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Hurricane JOSE


Hurricane Jose Discussion Number  10
NWS National Hurricane Center Miami FL       AL122017
Issued by the NWS Weather Prediction Center College Park MD
500 PM AST Thu Sep 07 2017

Jose has continued to develop a well-defined eye on satellite
imagery this afternoon, with the eye now established in the center
of a ring of strong convection. 18 UTC Dvorak fixes from TAFB and
SAB came in at T5.5, which suggests 100 knot intensity. However,
given the ongoing improvements in satellite presentation and CIMSS
ADT numbers which have since climbed higher, the initial intensity
for this advisory is set at 105 knots. This makes Jose a Category 3
hurricane on the Saffir-Simpson Hurricane Wind Scale. It is the
third major hurricane in the 2017 Atlantic hurricane season
(Harvey, Irma). It also means we have two major hurricanes
simultaneously in the Atlantic basin, which is not too common --
especially in such close proximity. The last time this happened was
in 2010 when Igor and Julia were both major hurricanes on September
15-16, and then Igor and Karl were both major hurricanes briefly on
September 17.

In the near-term, most factors appear aligned for continued
intensification. Outflow remains well-established in all quadrants,
and Jose has thus far not felt negative impacts from the dry air
situated just to its west and northwest. For this reason, we are
taking the intensity up to 120 knots at the 24 hour forecast point.
After that, a gradual decrease in intensity is shown, in line with
most intensity guidance. However, the intensity forecast generally
lies above most of the guidance in deference to the ongoing rapid
intensification trend. Global models do show that some of the dry
air to the west of Jose may wrap into the circulation in about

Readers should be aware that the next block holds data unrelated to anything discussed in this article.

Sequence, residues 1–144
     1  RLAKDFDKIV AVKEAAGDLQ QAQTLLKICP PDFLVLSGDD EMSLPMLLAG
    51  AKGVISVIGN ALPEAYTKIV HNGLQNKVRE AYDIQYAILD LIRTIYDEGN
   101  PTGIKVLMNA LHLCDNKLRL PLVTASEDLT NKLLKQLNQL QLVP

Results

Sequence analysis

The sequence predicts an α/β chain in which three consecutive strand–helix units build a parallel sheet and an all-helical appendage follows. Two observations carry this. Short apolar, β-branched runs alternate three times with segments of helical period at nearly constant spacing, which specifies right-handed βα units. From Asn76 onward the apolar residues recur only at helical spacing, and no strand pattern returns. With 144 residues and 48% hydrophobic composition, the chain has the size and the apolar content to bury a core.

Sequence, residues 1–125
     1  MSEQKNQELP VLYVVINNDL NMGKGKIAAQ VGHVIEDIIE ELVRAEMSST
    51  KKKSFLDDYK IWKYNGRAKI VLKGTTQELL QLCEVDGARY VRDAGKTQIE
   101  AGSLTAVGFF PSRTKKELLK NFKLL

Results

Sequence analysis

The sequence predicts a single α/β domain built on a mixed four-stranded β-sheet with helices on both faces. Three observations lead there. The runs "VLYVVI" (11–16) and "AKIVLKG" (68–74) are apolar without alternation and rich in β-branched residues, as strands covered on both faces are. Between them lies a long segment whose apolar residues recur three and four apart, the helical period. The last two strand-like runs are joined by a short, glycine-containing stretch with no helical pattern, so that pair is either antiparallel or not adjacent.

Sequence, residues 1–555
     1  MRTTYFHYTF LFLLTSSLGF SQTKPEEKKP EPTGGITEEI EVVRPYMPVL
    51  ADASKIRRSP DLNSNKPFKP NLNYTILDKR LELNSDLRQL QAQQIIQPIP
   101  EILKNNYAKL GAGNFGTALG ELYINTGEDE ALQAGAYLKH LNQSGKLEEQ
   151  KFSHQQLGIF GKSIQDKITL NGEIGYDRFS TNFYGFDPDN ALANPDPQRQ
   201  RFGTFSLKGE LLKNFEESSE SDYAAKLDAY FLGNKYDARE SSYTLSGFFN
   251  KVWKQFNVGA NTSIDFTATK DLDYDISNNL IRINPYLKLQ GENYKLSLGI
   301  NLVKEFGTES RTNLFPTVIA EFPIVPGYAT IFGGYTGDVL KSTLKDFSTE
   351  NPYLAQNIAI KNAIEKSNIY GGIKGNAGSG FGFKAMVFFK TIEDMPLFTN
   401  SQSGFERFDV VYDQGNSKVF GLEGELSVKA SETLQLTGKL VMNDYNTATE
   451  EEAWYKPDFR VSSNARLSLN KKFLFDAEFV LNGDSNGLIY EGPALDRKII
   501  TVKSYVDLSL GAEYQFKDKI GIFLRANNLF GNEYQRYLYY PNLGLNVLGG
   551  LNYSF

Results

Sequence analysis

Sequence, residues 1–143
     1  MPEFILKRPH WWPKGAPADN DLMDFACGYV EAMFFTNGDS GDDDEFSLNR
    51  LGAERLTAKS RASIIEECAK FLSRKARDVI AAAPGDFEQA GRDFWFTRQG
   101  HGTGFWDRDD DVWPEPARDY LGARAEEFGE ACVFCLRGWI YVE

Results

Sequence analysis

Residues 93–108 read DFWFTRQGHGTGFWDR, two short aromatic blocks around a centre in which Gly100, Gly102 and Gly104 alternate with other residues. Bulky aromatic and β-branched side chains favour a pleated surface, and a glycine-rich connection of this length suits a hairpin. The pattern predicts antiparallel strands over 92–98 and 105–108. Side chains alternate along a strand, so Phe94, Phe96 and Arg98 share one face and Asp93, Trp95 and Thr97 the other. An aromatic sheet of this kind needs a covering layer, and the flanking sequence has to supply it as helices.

24-36 hours. That may be a contributing factor to the decrease in
intensity, as well as some increasing shear at the base of an upper
level low in the central Atlantic and perhaps the periphery of
Irma's upper level outflow. The smaller size of Jose may make it a
little more vulnerable to effects of dry air and shear.

The initial motion remains at 285/16kt, and Jose will continue to
be steered by a well established subtropical ridge. It should not
reach the ridge axis until about 36-48 hours, at which point the
ridge begins to erode a bit and Jose may turn a bit more toward the
northwest and eventually the north. The forecast track remains very
similar to the previous official forecast through 48 hours --
roughly between the operational GFS and ECMWF and close to the
multi-model consensus. After that time, the steering flow becomes
weaker and the forward motion should slow down. Models begin to
diverge more significantly at 96hr and especially 120hr. The
forecast at these time ranges lies closer to the multi-model
consensus and the operational ECMWF than models that show a quicker
exit to the east.


INIT  07/2100Z 15.5N  52.4W  105 KT 120 MPH
 12H  08/0600Z 16.0N  54.8W  115 KT 130 MPH
 24H  08/1800Z 16.6N  57.6W  120 KT 140 MPH
 36H  09/0600Z 17.3N  59.8W  110 KT 125 MPH
 48H  09/1800Z 18.4N  61.7W  105 KT 120 MPH
 72H  10/1800Z 21.9N  65.5W   95 KT 110 MPH
 96H  11/1800Z 25.5N  67.9W   80 KT  90 MPH
120H  12/1800Z 27.3N  67.2W   75 KT  85 MPH

Forecaster Lamers/Carbin